UN meeting on desertification discusses effective approach to land management

From right: Drylands Ambassadors Dennis Garrity and Deborah Fraser, UNCCD Executive Secretary Luc Gnacadja and COP10 President Don Koo Lee

13 October 2011 – Experts attending a United Nations conference in the Republic of Korea on reversing desertification today focused their attention on the “landcare approach” to sustainable land management, a community-based way designed to improve people’s livelihoods while protecting natural resources.

“Landcare provides a sound, knowledge-based approach from the bottom up,” said Luc Gnacadja, the Executive Secretary of the UN Convention to Combat Desertification (UNCCD), whose Parties are attending its 10th session in Changwon, Republic of Korea.

“We must take action in order to fight desertification, land degradation and drought with a bottom up approach, otherwise we miss meeting important international targets such as the Millennium Development Goals (MDGs),” he said.

Dennis Garrity, Landcare International Chair and recently designated UNCCD Drylands Ambassador, told the gathering that “what people are doing on the ground is what it’s all about.”

“Landcare is all about grassroots support for land restoration and land regeneration, and that’s what makes it so valuable for the UNCCD, because we’ve learned over the years that bottom-up approaches of communities taking charge of their environment, grappling with their problems, and drawing in support from outside is the key to land regeneration throughout the world.”

Experts from Australia, Iceland, South Africa and the United States discussed the challenges and successes they have witnessed in the landcare approach.

Terry Hubbard and Horrie Poussard of the Australian Landcare International described a project to restore the King Parrot Creek area of Victoria that had seen an increase in soil erosion and loss of native plants and wildlife. Local landowners and others collectively began restorative efforts by volunteering their time and knowledge and saw significant improvements over several years.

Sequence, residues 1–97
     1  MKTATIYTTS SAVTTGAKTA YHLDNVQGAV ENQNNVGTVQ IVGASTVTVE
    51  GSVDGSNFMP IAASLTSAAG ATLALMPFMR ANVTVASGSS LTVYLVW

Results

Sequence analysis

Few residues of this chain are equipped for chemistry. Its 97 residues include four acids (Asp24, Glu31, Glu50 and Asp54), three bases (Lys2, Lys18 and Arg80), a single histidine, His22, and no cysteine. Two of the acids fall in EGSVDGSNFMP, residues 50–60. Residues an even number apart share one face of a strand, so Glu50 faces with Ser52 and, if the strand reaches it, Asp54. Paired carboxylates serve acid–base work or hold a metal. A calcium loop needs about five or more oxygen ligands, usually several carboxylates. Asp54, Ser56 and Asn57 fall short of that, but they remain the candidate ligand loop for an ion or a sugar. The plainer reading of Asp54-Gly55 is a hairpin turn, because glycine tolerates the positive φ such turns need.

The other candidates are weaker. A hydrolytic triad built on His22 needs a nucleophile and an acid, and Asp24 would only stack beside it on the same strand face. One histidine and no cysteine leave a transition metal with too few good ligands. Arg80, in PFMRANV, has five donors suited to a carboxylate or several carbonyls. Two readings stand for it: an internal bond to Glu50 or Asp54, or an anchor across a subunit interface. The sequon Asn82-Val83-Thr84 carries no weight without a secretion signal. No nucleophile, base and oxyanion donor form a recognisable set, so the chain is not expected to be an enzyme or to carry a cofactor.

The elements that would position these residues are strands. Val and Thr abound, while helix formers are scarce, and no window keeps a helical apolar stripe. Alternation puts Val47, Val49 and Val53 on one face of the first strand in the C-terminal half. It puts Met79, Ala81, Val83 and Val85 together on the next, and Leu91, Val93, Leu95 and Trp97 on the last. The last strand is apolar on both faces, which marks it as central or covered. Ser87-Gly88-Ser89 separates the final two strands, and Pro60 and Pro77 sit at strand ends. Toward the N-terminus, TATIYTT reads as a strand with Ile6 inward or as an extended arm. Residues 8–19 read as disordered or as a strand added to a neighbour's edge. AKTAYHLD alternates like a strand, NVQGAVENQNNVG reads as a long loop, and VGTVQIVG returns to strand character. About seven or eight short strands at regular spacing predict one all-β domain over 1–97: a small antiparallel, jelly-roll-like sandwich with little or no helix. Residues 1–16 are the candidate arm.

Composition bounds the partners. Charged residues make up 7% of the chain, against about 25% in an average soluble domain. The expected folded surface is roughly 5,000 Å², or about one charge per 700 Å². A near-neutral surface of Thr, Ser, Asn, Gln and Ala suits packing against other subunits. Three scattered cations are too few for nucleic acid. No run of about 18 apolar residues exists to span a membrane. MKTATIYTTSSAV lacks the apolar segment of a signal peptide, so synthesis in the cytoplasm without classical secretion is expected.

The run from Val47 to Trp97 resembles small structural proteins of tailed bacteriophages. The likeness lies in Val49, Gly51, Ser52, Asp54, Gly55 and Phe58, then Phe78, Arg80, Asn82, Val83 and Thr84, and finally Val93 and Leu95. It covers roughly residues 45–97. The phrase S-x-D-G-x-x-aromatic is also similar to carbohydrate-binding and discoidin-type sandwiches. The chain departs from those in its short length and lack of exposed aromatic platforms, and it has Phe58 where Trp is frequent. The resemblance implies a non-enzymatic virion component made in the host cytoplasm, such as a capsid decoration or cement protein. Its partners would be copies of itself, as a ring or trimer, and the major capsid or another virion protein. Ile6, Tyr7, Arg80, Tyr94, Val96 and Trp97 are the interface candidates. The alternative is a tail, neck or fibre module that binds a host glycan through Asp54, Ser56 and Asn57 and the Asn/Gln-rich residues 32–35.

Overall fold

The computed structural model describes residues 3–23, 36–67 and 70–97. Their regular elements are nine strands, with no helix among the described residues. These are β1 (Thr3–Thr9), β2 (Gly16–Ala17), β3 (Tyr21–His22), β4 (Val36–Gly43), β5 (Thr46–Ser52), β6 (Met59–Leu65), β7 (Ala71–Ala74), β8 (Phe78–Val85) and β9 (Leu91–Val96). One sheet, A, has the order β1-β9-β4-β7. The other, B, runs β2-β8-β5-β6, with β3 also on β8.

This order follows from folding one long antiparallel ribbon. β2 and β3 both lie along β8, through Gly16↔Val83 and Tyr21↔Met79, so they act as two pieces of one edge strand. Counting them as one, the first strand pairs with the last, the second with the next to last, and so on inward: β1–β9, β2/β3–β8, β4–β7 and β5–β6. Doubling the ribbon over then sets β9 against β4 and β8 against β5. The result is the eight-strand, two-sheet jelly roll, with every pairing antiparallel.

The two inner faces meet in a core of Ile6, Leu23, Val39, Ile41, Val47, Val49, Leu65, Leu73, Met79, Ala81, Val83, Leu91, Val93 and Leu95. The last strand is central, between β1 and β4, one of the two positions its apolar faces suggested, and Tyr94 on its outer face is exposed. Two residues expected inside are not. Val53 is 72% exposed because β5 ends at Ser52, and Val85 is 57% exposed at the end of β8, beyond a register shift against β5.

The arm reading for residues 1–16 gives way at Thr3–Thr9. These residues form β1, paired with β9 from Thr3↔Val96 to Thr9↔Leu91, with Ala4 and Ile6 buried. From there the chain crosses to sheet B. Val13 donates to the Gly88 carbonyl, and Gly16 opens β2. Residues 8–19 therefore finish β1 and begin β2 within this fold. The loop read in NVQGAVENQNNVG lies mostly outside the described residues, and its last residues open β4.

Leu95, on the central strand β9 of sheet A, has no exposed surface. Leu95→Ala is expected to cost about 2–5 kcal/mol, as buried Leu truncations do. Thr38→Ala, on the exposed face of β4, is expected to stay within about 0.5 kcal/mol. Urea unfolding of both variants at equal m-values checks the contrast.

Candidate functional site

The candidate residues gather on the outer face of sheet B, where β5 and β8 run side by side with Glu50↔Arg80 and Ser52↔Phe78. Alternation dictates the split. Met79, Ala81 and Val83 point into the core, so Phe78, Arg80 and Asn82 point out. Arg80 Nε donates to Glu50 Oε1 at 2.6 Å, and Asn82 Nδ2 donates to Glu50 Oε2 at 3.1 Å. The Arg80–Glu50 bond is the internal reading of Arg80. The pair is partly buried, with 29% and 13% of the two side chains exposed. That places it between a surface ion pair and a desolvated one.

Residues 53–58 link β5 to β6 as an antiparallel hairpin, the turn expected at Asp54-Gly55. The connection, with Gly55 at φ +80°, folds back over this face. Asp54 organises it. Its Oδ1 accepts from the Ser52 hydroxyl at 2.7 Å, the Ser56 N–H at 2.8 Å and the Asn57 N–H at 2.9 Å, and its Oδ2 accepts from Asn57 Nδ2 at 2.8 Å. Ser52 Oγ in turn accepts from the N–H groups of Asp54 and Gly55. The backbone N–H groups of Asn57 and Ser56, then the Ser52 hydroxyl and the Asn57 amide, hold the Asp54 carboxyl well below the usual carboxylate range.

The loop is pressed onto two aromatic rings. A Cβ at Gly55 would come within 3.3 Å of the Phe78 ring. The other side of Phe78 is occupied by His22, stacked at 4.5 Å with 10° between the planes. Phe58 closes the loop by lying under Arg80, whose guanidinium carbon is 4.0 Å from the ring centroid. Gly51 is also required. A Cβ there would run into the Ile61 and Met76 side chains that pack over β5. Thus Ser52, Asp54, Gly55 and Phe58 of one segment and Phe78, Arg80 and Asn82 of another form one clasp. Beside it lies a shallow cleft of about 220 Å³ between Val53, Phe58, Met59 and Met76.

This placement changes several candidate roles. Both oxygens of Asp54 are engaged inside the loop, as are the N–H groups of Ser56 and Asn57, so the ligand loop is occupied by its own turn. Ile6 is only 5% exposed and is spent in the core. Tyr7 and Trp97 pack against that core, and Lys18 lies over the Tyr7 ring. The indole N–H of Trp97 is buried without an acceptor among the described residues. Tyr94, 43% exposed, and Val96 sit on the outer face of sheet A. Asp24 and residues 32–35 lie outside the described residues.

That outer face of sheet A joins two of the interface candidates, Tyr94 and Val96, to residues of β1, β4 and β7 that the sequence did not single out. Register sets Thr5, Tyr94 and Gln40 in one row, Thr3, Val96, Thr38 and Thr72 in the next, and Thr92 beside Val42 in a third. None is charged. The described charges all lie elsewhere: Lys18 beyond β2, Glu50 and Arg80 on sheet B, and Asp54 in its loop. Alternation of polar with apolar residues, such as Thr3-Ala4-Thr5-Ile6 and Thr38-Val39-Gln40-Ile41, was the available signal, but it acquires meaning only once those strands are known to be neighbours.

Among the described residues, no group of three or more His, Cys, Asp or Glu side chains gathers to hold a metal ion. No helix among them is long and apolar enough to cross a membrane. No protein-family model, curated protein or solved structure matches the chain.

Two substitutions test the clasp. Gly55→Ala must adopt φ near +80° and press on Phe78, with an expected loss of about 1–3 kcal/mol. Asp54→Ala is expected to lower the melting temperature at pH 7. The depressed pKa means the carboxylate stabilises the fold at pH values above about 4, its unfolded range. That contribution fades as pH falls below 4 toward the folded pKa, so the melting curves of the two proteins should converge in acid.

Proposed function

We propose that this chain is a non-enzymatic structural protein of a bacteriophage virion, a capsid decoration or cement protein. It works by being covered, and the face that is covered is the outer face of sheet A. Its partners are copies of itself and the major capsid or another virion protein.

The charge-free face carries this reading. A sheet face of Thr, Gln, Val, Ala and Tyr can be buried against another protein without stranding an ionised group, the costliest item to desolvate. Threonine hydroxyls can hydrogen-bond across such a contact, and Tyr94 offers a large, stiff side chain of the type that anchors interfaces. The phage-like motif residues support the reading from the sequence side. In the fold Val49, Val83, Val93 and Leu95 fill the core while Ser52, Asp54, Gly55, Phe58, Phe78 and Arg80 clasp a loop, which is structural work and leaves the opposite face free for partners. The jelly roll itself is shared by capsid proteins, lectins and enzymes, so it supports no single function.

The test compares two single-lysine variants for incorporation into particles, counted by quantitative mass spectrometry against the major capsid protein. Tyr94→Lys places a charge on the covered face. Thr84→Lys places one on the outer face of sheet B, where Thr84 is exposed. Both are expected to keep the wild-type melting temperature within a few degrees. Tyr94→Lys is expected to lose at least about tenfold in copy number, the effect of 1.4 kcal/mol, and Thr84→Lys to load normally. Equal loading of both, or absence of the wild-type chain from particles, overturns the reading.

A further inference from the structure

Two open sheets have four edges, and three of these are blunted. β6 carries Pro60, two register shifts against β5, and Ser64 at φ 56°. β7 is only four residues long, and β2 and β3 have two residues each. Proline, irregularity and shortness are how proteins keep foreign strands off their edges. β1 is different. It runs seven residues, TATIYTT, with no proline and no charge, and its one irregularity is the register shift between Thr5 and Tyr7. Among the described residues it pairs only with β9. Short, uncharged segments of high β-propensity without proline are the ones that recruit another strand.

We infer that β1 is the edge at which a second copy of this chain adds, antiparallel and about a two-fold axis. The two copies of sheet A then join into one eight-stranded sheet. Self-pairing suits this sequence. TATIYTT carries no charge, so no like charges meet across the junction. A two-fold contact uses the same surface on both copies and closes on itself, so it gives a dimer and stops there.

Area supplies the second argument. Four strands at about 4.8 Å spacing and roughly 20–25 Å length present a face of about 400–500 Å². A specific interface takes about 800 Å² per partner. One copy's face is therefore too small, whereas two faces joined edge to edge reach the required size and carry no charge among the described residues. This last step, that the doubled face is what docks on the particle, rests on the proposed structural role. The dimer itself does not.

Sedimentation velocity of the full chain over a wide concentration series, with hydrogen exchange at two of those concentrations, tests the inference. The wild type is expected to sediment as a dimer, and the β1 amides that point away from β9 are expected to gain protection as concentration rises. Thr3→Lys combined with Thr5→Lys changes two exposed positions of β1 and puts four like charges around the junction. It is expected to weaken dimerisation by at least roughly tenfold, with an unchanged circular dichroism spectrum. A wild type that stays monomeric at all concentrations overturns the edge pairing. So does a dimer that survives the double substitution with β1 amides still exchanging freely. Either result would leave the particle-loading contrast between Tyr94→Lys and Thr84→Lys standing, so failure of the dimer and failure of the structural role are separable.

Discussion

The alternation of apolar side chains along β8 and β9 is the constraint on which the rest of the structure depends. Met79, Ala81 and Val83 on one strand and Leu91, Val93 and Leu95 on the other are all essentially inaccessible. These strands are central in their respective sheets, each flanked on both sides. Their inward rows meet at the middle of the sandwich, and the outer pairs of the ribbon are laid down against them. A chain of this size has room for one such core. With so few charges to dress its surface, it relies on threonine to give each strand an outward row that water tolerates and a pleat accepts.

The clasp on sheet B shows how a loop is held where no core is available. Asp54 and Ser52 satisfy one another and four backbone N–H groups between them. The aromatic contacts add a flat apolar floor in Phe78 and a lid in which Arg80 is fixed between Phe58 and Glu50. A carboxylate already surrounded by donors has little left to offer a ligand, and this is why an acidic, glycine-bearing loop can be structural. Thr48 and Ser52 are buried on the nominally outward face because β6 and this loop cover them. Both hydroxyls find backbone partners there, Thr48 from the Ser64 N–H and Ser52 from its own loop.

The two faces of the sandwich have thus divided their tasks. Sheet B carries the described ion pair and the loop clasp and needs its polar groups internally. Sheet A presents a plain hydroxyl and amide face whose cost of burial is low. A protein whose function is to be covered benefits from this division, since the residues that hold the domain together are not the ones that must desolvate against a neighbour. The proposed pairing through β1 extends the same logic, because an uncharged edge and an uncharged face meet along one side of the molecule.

For every one Australian dollar invested in landcare, there was a seven-fold benefit, said Michelle Lauder of Australia’s Department of Agriculture, Fisheries and Forestry. The figure was based on calculations of volunteer efforts compared to the cost of paying workers and buying equipment.

Hafdís Hanna Aegistóttir, the Director of the Iceland-based UN University Land Restoration Training Programme, described efforts in that country to restore degraded land and noted that landcare may help Iceland to become a carbon-neutral country.

Describing the burgeoning landcare movement in the United States, Jeff Herrick of the US Department of Agriculture reiterated the importance volunteerism to conservation.

Richard Selemela, the Director of Natural Resource Management in South Africa, spoke of the significance of building landcare programmes to help meet the MDGs, the internationally agreed targets to eradicate extreme poverty and boost development in poorer countries by 2015.


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